40. Regarding the interview carried out by the two Justices of Peace, AC/IMS said that they had interviewed and received complaints from 98 prisoners during their visit on 6 August 1998. The prison management regarded the interview as a channel to receive complaints instead of conducting investigation. An investigation ought to consider views from all parties concerned. She noted, however, that the Justices of Peace had written to the Administration on their interview and the information had been taken into account. She pointed out that the findings of the Board revealed that the use of force by the prison staff was justified in order to control the situation. The Board was set up not to disprove complaints about the use of unncessary force by CSD staff but to find out the true picture based on available information and evidence.
|41. The Chairman suggested the Administration to forward the interview report compiled by the two Justices of Peace on the incident and the video-tape kept by CSD to the Police so as to facilitate its investigation.||Adm |
42. In response to the Chairman, DS/S(2) said that the video-tape taken by CSD officer on the day was provided to the Police. The video-tape did record the use of force by CSD staff. She stressed that the use of force did not necessarily constitute any violation of Prison Rules. The crux of the matter was whether CSD staff had applied unnecessary or excessive force to prisoners where there was no such need.
43. In response to Mrs Selina CHOW, DS/S(2) said that the Administration did not have detail information regarding the number and the content of the complaints being filed with the Police. The Police would conduct separate and independent investigation into individual complaints in the first instance. Should new evidence be identified in the course of investigation, the Police would expand the scope of investigation as appropriate. AC/IMS added that as far as she knew, at least three prisoners had lodged complaints with the Police, including one filed by an ex-prisoner and two filed by family members on behalf of two serving prisoners.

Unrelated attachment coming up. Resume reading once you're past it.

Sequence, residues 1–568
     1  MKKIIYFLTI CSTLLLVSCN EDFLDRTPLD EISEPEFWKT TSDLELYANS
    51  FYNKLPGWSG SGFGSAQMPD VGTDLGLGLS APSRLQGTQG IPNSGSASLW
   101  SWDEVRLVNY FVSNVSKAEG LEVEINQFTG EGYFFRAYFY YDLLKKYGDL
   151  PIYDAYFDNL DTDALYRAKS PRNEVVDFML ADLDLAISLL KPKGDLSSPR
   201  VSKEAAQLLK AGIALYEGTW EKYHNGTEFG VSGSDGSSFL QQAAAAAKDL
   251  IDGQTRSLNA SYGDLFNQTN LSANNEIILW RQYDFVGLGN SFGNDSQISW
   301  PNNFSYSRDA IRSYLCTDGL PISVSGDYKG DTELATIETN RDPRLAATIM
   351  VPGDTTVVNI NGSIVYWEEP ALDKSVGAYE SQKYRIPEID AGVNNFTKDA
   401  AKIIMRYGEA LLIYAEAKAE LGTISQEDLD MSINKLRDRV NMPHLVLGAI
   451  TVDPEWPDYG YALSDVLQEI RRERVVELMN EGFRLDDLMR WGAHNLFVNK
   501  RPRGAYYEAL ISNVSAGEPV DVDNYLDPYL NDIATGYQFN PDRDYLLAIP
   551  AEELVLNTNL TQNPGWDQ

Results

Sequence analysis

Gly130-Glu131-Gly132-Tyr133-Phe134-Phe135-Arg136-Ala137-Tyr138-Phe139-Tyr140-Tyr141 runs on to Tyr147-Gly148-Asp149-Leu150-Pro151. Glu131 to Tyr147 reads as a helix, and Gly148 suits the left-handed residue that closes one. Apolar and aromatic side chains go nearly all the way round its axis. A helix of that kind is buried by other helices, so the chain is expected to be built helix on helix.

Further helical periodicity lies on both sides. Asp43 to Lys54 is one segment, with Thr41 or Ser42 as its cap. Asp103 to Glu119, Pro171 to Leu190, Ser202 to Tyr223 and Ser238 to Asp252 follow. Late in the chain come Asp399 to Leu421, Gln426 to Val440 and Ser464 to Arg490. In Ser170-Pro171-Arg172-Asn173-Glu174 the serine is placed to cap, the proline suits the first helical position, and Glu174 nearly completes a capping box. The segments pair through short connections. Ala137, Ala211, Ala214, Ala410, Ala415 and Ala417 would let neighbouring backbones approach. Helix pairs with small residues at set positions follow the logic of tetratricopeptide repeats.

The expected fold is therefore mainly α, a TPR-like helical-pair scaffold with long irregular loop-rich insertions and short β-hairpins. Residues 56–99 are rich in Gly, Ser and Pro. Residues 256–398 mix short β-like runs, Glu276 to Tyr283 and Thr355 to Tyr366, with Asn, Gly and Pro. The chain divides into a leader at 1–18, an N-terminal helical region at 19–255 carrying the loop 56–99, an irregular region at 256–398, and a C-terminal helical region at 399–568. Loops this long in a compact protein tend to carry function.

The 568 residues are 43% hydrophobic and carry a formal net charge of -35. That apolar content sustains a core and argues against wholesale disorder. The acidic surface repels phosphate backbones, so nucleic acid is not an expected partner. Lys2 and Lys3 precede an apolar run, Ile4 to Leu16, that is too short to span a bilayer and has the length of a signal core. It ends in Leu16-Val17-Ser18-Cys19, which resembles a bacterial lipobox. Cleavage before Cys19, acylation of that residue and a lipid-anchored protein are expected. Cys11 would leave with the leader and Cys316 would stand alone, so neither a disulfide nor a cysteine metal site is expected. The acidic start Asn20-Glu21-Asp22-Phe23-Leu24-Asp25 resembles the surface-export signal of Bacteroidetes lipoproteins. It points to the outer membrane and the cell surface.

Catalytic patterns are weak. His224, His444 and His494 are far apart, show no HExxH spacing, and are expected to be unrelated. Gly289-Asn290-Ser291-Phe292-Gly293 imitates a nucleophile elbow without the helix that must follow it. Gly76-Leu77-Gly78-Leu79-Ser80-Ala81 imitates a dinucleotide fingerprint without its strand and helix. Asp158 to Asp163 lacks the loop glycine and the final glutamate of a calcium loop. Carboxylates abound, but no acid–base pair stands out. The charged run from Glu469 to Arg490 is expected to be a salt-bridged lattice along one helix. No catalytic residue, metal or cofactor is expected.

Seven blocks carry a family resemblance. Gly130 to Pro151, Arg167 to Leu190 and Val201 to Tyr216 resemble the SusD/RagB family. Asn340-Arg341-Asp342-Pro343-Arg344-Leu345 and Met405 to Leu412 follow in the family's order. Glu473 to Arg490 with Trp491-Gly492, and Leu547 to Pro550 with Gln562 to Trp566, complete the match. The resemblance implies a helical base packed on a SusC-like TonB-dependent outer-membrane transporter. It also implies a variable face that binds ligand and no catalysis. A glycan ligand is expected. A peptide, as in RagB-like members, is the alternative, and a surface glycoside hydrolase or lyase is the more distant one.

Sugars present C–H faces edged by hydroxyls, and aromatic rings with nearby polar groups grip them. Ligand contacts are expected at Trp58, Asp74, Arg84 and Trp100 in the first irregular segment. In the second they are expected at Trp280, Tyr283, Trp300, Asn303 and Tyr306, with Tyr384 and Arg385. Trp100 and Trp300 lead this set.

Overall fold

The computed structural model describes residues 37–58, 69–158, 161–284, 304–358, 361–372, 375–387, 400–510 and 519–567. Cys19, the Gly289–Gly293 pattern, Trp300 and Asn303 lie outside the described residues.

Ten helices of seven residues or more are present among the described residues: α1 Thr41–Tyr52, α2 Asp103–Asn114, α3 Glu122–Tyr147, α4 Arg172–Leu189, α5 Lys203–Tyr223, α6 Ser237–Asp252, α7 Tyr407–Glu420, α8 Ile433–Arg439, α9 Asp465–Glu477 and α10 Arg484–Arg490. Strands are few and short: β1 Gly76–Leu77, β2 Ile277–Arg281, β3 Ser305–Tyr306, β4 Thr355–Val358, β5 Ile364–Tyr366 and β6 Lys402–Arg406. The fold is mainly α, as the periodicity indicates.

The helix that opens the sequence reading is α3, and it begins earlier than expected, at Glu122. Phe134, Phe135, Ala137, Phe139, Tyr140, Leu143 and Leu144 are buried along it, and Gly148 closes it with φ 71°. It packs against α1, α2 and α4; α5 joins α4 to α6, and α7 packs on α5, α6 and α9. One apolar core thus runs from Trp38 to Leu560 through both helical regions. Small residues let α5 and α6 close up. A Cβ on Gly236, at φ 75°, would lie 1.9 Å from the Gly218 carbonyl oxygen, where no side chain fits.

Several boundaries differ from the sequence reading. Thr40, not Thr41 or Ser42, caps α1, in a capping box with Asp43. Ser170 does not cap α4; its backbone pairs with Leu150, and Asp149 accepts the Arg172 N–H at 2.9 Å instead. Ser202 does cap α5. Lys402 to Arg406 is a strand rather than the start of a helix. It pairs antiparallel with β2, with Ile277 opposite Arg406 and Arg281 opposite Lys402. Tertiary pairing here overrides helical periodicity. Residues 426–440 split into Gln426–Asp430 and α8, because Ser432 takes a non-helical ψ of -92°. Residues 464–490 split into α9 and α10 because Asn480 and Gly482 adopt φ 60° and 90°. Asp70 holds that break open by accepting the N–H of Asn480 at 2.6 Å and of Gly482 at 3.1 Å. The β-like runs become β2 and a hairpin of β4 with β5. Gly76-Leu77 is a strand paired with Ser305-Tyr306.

44. Miss Emily LAU queried how the Administration could restore the confidence of the prisoners and members of the public in prison management without an independent inquiry. DS/S(2) said that apart from setting up a Board of Inquiry to look into the incident, the Police, The Ombudsman, some Legislative Council Members and Justices of Peace had also received complaints from prisoners about the use of unnecessary force by CSD staff during the incident. The Police was carrying out a criminal investigation into allegations of assault by identified CSD officers upon the prisoners. The Ombudsman had started collecting information on the incident. As several independent investigations were underway, she believed that what had happened during the incident could not be covered up and would be revealed in due course.
|45. Regarding the role of visiting Justices, DS/S(2) said that under the Prison Rules, each penal institution should be visited by an official Justice of Peace and an unofficial Justice of Peace at least once every fortnight. The recent visit to MPP by the two Justices of Peace was not scheduled under the Prison Rules. Visiting Justices could hear and investigate complaints made by prisoners, inspect diets of prisoners and sanitary conditions of the penal institutions. Due to the limited resources made available to visiting Justices of Peace, they would normally refer to the Commissioner of Correctional Services for follow-up upon receiving any views or complaints from the prisoners. If the visiting Justices concerned were dissatisfied with the Commissioner's report, they could refer the case to The Ombudsman for an independent investigation. The Chairman suggested the Administration to consider reviewing the visiting Justices system in order to strengthen the system such as resource available to Justices of Peace to conduct investigation.||Adm |
In response to Mrs Selina CHOW, DS/S(2) said that the Police had concluded the preliminary investigation which had been referred to the Department of Justice. She hoped the report would be completed shortly.
|46. The Chairman asked the Administration to keep the Panel informed of the outcome of the Police's investigation. DS/S(2) agreed.||Adm |
47. The meeting ended at 7:25 pm.
Legislative Council Secretariat
26 November 1998